Health Care Alliance for Patient Safety Applauds Introduction of the Contact Lens Prescription Verification Modernization Act
Bipartisan Legislation Introduced in the House by Representatives Rush (IL-1) and Burgess (TX-26)
(WASHINGTON) – The Health Care Alliance for Patient Safety (Alliance) released the following statement in response to today’s introduction of the Contact Lens Prescription Verification Modernization Act (H.R. 3975). The bipartisan legislation introduced by Representative Bobby Rush (D-IL-1) and Representative Michael Burgess (R-TX-26) will help modernize the contact lens prescription verification process and make it simpler and safer for millions of contact lens wearers.
Millions of Americans are able to purchase their contact lenses online thanks to the Fairness to Contact Lens Consumers Act (FCLCA). However, as a patient health safeguard, the law requires online sellers to verify the validity of contact lens prescriptions with the patient’s doctor before fulfilling an order. While the FCLCA clearly allows the use of telephone, fax, or e-mail for verifying prescriptions, the Federal Trade Commission (FTC) has interpreted the law to allow robocall verification, as well.
The use of robocalls to confirm the accuracy of a prescription, which includes several specifications, is far too complicated for an automated phone system. Information relayed in these robocalls is oftentimes garbled or does not align with a patient’s chart—making it difficult, or even impossible, to correctly identify the patient and proper prescription.
“Robocalls should never be used to communicate with a physician’s office regarding patient health and safety matters,” said Barbara L . Horn, OD, President of the American Optometric Association. “With Internet-based mass retailers failing to fix the problem, AOA doctors of optometry are pleased to see Reps. Bobby Rush (D-IL), Michael Burgess, MD (R-TX) and other health policy leaders in Congress joining together on a bi-partisan basis with the Health Care Alliance for Patient Safety to close an outrageous robocall loophole that’s undermining quality care and putting the public at risk.”
H.R. 3975 increases patient safety by prohibiting prescription verification made via robocall and establishing a paper trail by instead requiring that online sellers use direct communication – a live phone call, fax, or e-mail – to confirm prescriptions. The bill also requires online sellers to develop HIPAA-compliant methods for patients to electronically transmit contact lens prescriptions.
Dr. Deanna Alexander, Chairwoman of the Health Care Alliance for Patient Safety, said, “Increasing patients’ choice in the contact lens marketplace should never jeopardize patient safety. The Alliance thanks Congressman Rush and Congressman Burgess for the introduction of this thoughtful legislation that strengthens patient safety and addresses a loophole in the current passive verification system, which often leaves patients at risk of being provided incorrect prescriptions that can lead to adverse health conditions and even vision loss. We will continue to work with Congress to be a strong voice and advocate for patient health and safety.”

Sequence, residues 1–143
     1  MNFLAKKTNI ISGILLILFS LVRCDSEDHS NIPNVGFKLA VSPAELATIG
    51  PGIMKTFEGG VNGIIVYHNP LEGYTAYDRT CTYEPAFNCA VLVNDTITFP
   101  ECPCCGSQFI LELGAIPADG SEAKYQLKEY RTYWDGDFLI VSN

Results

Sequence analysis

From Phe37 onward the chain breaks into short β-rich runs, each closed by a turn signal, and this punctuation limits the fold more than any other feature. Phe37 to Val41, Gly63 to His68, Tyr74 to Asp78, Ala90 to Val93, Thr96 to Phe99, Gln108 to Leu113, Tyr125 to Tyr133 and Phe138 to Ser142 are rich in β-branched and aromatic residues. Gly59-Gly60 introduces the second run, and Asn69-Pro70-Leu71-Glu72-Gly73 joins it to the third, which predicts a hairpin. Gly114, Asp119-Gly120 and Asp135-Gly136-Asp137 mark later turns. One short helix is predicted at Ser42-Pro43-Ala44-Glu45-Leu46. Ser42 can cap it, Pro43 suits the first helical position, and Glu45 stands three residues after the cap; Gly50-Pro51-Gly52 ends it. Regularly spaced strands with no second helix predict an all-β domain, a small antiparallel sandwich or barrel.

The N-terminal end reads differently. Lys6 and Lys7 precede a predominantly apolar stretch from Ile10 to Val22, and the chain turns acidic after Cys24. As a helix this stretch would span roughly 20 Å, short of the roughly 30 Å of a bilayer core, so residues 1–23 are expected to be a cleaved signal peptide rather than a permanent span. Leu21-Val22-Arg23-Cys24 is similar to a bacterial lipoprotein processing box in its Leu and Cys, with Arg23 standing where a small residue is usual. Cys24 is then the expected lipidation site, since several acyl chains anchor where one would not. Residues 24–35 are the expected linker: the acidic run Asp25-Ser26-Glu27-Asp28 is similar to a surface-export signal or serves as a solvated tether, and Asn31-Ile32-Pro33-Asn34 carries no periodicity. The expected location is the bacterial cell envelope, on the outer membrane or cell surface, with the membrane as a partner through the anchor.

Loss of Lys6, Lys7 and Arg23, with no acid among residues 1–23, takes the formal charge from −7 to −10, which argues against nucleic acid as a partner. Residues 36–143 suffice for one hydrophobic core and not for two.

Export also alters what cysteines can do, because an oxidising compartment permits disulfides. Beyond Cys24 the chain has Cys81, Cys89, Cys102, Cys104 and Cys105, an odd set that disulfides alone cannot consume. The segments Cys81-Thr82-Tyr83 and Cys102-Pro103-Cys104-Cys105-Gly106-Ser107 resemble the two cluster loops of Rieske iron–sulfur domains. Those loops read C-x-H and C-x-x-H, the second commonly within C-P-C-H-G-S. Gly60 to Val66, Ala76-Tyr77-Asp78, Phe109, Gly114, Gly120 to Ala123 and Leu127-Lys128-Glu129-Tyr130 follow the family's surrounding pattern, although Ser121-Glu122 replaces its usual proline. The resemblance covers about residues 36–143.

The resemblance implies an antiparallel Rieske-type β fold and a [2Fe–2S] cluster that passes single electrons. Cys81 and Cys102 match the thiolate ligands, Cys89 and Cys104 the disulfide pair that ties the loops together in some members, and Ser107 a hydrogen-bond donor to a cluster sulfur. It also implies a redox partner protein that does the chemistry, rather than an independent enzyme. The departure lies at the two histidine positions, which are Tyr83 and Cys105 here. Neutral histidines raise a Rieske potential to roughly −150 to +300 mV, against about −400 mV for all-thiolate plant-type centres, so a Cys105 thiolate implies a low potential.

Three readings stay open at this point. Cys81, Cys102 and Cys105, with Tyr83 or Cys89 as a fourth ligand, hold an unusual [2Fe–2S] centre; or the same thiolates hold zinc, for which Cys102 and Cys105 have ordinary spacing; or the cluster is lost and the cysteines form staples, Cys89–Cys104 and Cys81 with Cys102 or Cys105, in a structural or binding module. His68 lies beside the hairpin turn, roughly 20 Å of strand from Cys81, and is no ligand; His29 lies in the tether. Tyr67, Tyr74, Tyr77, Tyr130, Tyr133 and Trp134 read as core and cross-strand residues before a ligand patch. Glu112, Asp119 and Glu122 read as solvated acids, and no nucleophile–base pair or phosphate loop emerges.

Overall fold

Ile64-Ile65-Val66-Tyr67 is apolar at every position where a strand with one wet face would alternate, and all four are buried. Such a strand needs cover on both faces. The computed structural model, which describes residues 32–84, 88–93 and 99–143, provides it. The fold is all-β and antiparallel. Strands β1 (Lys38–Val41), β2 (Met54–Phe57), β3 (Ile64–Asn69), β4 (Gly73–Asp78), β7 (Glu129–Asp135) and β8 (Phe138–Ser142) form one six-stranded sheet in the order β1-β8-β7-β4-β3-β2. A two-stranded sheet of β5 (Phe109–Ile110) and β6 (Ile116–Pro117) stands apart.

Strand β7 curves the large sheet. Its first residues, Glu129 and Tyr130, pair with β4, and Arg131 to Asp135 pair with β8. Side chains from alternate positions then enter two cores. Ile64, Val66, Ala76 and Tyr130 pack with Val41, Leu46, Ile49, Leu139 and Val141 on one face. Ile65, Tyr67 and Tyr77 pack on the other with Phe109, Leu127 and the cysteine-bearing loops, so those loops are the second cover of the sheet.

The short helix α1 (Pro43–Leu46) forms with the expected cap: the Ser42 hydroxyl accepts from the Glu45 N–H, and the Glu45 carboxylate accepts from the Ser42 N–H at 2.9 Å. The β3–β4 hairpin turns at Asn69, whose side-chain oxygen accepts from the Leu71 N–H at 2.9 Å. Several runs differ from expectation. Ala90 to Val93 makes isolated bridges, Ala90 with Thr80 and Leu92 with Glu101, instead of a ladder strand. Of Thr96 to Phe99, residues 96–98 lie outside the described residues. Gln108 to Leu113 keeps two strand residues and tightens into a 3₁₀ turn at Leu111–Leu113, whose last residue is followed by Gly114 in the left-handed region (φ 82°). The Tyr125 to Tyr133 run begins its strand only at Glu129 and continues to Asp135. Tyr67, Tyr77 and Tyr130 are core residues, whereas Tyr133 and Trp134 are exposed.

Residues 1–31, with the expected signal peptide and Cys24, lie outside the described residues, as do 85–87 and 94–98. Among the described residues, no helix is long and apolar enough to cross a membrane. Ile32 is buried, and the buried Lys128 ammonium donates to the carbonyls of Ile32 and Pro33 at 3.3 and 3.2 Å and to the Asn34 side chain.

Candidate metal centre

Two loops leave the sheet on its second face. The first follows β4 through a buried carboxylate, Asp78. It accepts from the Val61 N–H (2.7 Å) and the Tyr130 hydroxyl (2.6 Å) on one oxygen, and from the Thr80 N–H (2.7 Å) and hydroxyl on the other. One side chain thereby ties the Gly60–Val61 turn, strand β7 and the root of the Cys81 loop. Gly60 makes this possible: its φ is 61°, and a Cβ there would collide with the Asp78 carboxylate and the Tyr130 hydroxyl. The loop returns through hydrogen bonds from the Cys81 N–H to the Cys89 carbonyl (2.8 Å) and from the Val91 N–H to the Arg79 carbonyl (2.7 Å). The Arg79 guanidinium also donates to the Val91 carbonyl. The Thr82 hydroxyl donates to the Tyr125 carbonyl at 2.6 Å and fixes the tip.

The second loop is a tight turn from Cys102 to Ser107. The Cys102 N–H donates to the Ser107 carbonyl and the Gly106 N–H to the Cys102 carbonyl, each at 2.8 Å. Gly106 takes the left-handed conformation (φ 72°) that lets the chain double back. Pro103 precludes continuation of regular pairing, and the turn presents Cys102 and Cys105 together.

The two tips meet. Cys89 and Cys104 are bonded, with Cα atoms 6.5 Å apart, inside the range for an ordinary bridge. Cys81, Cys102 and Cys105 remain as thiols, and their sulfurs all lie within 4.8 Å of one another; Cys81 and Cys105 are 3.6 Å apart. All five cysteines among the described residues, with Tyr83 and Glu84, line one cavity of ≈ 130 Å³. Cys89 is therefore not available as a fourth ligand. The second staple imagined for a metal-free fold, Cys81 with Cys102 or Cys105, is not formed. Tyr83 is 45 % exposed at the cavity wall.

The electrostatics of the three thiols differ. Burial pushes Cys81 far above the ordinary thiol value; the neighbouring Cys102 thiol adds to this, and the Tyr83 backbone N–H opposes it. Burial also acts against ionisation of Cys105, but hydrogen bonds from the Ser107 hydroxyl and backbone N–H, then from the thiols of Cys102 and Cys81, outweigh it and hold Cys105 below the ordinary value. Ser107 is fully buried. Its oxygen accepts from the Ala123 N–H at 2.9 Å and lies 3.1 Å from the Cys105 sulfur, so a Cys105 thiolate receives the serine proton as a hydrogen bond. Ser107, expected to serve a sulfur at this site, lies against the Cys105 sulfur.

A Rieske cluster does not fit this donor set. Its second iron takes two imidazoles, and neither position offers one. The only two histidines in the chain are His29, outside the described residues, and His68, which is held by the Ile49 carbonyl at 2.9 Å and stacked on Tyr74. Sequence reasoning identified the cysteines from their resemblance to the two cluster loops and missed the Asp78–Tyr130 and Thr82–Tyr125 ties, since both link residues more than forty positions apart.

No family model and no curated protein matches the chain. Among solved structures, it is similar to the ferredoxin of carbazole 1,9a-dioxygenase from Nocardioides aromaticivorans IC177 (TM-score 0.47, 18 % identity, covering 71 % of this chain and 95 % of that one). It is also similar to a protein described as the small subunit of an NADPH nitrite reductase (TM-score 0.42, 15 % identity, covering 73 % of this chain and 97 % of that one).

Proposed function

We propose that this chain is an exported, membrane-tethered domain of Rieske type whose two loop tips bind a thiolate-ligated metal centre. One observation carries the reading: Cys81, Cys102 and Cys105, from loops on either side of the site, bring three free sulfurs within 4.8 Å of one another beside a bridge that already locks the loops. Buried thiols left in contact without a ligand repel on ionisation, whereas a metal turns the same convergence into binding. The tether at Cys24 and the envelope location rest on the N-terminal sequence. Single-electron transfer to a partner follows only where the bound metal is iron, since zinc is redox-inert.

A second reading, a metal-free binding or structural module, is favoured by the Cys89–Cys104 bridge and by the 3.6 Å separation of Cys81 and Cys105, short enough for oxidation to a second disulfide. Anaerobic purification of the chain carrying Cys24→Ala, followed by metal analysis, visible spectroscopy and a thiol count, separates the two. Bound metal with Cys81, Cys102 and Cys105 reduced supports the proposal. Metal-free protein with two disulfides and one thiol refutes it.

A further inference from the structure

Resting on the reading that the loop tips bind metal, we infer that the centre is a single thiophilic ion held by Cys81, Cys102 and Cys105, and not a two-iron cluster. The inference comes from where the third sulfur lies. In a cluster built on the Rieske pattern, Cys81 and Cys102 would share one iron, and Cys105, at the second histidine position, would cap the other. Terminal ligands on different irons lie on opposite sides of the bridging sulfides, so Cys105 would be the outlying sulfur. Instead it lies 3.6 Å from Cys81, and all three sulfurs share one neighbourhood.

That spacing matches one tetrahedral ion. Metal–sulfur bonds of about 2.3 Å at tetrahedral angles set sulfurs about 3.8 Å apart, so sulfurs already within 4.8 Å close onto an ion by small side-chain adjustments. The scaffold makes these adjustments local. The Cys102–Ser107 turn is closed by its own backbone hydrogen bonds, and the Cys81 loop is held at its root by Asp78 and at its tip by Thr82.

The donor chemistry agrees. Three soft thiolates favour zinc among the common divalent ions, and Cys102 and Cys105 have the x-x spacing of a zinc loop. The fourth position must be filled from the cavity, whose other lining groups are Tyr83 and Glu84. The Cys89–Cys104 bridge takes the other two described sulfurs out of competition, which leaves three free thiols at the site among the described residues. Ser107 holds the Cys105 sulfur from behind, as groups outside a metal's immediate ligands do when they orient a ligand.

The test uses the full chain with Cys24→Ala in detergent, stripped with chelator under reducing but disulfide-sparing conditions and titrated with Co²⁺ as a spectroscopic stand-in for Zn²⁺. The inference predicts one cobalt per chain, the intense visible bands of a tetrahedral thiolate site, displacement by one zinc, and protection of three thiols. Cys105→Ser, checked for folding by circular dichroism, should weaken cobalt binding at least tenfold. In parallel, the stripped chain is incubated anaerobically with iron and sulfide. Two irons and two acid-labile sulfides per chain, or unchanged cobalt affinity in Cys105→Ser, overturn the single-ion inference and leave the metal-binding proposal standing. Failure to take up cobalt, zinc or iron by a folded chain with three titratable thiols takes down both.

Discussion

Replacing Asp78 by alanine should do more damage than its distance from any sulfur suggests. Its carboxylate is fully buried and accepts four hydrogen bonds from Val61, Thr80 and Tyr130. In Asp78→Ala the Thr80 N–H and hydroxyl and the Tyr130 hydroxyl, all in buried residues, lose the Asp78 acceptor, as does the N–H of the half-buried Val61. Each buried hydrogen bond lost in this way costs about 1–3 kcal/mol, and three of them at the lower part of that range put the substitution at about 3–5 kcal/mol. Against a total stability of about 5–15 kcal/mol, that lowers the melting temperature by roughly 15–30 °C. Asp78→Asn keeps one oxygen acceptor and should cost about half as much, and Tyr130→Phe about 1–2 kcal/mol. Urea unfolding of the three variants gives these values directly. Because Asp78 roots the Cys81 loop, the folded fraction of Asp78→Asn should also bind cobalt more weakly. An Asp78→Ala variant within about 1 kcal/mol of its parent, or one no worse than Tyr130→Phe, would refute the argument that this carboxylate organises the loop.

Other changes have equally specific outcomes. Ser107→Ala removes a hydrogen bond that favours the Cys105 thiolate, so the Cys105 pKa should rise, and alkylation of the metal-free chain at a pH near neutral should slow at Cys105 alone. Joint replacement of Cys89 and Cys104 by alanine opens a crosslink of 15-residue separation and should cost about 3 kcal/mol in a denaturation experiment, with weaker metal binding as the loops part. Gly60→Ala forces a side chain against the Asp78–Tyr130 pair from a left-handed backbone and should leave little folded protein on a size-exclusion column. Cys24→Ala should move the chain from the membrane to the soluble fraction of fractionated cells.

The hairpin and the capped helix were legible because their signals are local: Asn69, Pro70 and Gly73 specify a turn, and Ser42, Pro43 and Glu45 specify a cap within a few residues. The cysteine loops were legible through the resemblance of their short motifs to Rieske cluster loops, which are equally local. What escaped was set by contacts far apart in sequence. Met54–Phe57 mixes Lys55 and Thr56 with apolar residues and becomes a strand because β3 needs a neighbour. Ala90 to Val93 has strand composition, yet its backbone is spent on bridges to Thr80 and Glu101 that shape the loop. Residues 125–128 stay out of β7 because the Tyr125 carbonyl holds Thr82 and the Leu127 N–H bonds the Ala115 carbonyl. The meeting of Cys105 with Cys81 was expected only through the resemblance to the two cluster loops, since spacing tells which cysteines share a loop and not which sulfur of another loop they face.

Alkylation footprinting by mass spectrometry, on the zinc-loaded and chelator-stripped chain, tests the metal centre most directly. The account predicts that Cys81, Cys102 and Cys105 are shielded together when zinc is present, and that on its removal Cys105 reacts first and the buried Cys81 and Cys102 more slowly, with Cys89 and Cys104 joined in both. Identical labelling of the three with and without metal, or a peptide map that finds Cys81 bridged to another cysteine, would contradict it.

On May 2, 2019, the FTC proposed supplemental rulemaking on the 2016 proposed Contact Lens Rule acknowledging some of the key problems associated with prescription verification via robocalls and the misuse of the prescription verification process, which can contribute to substitution of a non-prescribed brand or manufacturer of lenses. However, the proposed supplemental rulemaking does not close the contact lens prescription verification loophole. The Alliance believes congressional action is necessary to ensure that patients receive the exact lenses prescribed by their doctor and increase patient safety. A fact sheet on the Contact Lens Prescription Verification Modernization Act can be found here.
“H.R. 3975 will help ensure prescription validation for millions of contact lens wearers is completed in the most responsible way possible,” said Mary Anne Murphy, OD, and VSP Global board member. “We commend the Health Care Alliance for Patient Safety for its strong leadership on this important legislation which protects patients, while also preserving choice and convenience for them.”
More than 45 million Americans rely on contact lenses – U.S. Food and Drug Administration Class II and Class III regulated medical devices – for safe and effective vision correction. Contact lenses are more complex than they appear, having differing shapes, strengths, and water contents. There are no generics. Improper lens usage, which can result from the substitution of lenses not as prescribed by the patient’s doctor, can lead to serious health complications, including infections and other sight-threatening conditions, such as corneal edema, ulcers, and neovascularization.
“Addressing shortcomings in outmoded verification techniques is central to ensuring what’s prescribed is actually dispensed. This is essential for optimal vision and ocular health, since doctors select specific contact lenses for individual patient needs,” said Michele Andrews, OD, Senior Director, North American Professional & Academic Affairs, CooperVision. “The Contact Lens Prescription Verification Modernization Act does just that, with the potential to advance healthy contact lens wear for millions of Americans.”
The Health Care Alliance for Patient Safety has made it a priority to close loopholes within the existing verification process and prevent the substitution of lenses to reduce the risk of preventable vision loss.
The Alliance was founded in 2018 to advocate for patient safety and to protect and defend the doctor-patient relationship—the essential foundation of personalized health care decision making. For more information, please visit www.PatientSafetyToday.com.